Rev Your Engines: Royal Dutch Shell Plc Looks Ready To Motor


2013 was another non-starter for Royal Dutch Shell (LSE: RDSB) (NYSE: RDS-B.US), and days into 2014 it stalled again. On Friday, Shell issued a profits warning, predicting adjusted earnings of $2.9 billion for the three months to the end of December, well below City expectations. It blamed oil and gas prices and difficult industry refining conditions. I was as disappointed by any investor, because I was hoping it would start the year with a clean slate, following the appointment of new chief executive Ben van Beurden. But now I’m over the shock, I am hopeful that Shell is finally going to start motoring again.

Shell’s recent performance has been far from slick. Its share price is down 3% over the past two years, against a 21% rise in the FTSE 100. The Anglo-Dutch oil major has been shellacked by rising upstream and exploration costs, falling refining margins, and theft and supply disruptions in Nigeria. Oil price and currency volatility hasn’t helped, nor has that European Commission probe into price fixing. Perhaps investors are immune to bad news, because this year’s profit warning did little to dent the share price.

Shareholder’s friend

The focus may shift this year as Shell moves to sell up to £18 billion worth of assets, including its £4.25 billion stake in Australian oil and gas producer Woodside petroleum, and £1.2 billion of oil assets in the Niger Delta. If completed, this would be the largest sell-off in the company’s history. Exane BNP Paribas has been backing Shell on the assumption that van Beurden would put the company’s house in order. It said he would be disciplined with company cash and adopt a more “shareholder-friendly approach”, by pumping out higher dividend payouts.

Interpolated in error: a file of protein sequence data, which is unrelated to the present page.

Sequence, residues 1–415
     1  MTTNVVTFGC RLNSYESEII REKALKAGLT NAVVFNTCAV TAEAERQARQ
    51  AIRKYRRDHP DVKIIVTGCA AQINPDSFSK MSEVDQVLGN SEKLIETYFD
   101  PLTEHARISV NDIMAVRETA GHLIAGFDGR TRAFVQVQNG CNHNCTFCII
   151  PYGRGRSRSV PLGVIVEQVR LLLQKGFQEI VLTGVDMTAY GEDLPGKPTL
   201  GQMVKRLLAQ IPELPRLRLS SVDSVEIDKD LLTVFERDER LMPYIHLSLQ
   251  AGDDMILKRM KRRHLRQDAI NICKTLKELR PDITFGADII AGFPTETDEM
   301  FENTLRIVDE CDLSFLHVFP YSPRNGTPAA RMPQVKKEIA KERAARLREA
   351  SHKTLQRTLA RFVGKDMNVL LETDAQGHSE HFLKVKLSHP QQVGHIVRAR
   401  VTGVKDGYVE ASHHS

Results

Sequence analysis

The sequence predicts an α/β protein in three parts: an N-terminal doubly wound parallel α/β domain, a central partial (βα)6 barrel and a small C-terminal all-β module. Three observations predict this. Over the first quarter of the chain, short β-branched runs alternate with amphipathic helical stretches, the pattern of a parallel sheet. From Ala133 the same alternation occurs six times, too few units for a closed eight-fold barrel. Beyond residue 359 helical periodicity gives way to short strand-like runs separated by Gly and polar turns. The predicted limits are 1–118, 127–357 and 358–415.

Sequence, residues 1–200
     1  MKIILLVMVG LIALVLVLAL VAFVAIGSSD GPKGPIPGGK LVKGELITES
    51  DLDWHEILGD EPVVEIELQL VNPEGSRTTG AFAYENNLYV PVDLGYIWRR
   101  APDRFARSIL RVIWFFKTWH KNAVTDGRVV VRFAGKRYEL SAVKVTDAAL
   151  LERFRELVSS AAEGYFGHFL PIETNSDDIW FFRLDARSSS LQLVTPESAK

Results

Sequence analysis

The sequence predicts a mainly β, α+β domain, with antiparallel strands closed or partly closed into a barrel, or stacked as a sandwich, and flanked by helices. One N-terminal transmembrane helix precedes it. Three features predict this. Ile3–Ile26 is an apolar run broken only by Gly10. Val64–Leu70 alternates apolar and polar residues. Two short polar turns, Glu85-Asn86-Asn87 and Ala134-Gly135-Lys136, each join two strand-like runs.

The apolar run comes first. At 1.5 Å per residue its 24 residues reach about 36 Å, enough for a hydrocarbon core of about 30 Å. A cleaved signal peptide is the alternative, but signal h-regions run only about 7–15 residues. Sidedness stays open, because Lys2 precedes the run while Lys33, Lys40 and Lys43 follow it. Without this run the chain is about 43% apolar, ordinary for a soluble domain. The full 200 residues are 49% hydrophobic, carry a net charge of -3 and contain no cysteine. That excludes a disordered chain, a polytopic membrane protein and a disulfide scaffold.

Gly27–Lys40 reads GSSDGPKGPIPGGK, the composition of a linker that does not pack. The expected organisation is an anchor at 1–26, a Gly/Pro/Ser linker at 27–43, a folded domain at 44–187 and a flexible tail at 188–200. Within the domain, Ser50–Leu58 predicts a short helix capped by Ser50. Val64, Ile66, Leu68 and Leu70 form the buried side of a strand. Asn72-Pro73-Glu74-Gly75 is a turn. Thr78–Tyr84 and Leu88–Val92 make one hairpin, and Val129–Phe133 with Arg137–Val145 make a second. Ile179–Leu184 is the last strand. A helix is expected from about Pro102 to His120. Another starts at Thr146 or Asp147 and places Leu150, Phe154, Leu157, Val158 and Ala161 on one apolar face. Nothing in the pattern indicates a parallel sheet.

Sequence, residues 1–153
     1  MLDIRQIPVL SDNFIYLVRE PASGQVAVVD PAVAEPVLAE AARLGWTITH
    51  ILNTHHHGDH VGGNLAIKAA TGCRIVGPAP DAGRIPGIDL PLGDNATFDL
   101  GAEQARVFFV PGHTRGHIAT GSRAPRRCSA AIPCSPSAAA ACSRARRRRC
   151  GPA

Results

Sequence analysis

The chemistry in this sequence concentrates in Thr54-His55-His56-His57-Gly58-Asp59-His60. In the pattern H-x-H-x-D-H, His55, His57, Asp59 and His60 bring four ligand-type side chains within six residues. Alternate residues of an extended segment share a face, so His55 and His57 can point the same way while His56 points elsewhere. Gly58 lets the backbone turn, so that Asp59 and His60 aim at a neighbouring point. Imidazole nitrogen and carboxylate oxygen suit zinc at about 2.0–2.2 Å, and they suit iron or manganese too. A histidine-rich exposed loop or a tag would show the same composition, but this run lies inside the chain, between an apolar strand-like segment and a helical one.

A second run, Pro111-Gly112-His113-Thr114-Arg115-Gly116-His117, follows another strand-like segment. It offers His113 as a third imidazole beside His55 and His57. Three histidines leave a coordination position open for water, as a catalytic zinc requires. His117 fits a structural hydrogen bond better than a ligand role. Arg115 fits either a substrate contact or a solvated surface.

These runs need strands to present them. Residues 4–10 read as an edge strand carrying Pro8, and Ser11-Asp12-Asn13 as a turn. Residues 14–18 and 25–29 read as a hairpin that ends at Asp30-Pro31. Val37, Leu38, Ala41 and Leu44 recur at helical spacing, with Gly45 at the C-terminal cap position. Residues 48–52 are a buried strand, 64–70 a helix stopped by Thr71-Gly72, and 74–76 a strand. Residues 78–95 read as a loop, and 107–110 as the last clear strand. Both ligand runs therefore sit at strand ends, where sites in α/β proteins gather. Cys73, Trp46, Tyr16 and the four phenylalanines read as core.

Shell hasn’t exactly been stingy with shareholders, splashing out $5 billion on share buybacks in 2013, and distributing more than $11 billion of dividends. After a 5% rise in its Q3 dividend it now yields 4.6%, against a FTSE 100 average of just 3.5%. It is also generously covered 2.5 times. The yield has been Shell’s saving grace for several years. Now I’m hungry to see a bit of share price growth as well.

Beyond the shale

So will we get it? After a 6% drop in earnings per share (EPS) in 2012 and 18% last year, things look more promising. EPS are forecast to grow a healthy 11% in 2014, lifting the yield to 5% by December. Yet Shell still isn’t firing on all cylinders. Its refusal to invest in British shale suggests a lack of confidence, with management keen to side-step what is a risky and politically controversial area.

Trading at 8.7 times earnings, against 13.3 for fellow underperforming oil major BP, today looks an attractive entry point. Future growth may be a little stop-start, with EPS forecast to be flat in 2015, but I’m sure Shell will prove a winner in the end. The profits warning could even help, by pushing van Buerden into radical action to restore the company’s fortunes.

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> Harvey owns shares in BP and Royal Dutch Shell.